The train was pulling into a station when I awoke the next morning. Through the window I saw a somewhat dramatic building in the distance with the sun rising behind it. I had the momentary thought that I should raise myself out of bed and take a picture or two. Perhaps we were in Winnipeg. But the spirit proved to be weak. I flopped back into bed. When I next opened my eyes, the sun had risen completely, and the train was beginning to move once again.
It was only much later that I realized that I had made a mistake not making the extra effort to wake up at the station to do some exploring. We had indeed stopped at Winnipeg, the half way point of the entire train ride. This was where the train was supposed to stop for almost two hours, and the entire crew for the train changed over for the rest of the journey. The building I had seen earlier was the Canadian Museum for Human Rights. And the train had actually stopped well within the city limits as opposed to the outskirts of the city, as it had done in Edmonton and Saskatoon. And Union Station was actually a National Historic Site. Oh well.
It is worth noting that the train was now over 9 hours late. We should have actually passed through Winnipeg late last night.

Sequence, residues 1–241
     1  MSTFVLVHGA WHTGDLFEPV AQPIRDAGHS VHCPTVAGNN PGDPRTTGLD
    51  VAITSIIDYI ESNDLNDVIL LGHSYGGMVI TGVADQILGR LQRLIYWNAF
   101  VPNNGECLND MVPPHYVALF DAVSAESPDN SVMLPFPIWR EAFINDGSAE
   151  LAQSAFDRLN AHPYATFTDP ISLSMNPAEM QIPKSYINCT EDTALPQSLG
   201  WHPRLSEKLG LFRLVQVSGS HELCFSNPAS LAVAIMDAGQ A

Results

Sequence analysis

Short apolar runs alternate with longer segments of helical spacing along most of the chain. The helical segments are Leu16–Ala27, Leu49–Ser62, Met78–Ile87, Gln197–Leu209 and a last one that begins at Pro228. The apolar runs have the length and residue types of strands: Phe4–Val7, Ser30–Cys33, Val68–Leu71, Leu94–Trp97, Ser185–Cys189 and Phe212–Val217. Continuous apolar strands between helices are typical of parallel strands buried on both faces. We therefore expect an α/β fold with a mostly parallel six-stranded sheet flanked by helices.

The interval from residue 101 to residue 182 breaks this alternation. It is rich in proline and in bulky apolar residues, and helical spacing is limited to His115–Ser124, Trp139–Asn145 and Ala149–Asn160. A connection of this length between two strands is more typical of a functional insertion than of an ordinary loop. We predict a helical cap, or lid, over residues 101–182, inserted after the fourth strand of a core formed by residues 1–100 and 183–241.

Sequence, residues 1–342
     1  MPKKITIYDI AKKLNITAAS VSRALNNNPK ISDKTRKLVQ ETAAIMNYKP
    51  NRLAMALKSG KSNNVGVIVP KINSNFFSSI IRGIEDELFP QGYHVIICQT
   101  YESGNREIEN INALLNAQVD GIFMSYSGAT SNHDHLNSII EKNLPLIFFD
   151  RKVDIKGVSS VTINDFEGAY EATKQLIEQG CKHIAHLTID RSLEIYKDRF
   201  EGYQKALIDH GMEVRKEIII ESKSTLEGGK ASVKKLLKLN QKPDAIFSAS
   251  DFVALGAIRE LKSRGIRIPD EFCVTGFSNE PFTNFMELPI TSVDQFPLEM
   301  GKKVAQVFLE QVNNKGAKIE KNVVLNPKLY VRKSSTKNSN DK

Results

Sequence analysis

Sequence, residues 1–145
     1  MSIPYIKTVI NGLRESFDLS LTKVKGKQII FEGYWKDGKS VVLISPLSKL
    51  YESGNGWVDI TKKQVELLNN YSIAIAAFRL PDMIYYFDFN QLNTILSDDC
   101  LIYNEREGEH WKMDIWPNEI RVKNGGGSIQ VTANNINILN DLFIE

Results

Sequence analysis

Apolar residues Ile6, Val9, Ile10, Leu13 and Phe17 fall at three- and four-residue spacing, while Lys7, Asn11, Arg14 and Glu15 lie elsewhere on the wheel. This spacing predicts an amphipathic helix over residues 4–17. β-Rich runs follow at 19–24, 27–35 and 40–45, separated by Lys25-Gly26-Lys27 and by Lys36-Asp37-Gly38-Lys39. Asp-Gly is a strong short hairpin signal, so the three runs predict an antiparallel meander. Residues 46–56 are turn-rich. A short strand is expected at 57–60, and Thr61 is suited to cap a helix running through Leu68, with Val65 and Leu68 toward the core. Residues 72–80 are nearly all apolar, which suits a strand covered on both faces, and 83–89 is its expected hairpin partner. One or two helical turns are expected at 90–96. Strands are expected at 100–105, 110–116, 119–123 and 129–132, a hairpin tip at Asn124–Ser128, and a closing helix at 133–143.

We missed breakfast once again. When I went looking for food, I found muffins in the activity/lounge car instead of the the crackers and biscuits of the previous morning.The muffins were too sweet for me. Somehow, I did not think Tom would enjoy them. Based on the success of the previous day’s “breakfast” delivery, I asked the attendant for the car (who had just boarded in Winnipeg) if she had any of yesterday’s items. When I told her that this was for my brother who was experiencing motion sickness, in addition to finding what I was looking for, she added ginger ale to my supplies. She also said that she would also notify our carriage attendant. Sure enough, the attendant appeared at our door some time later to give us another bag full of stuff for Tom to consume, including a second can of ginger ale! The staff on this train were on top of their game!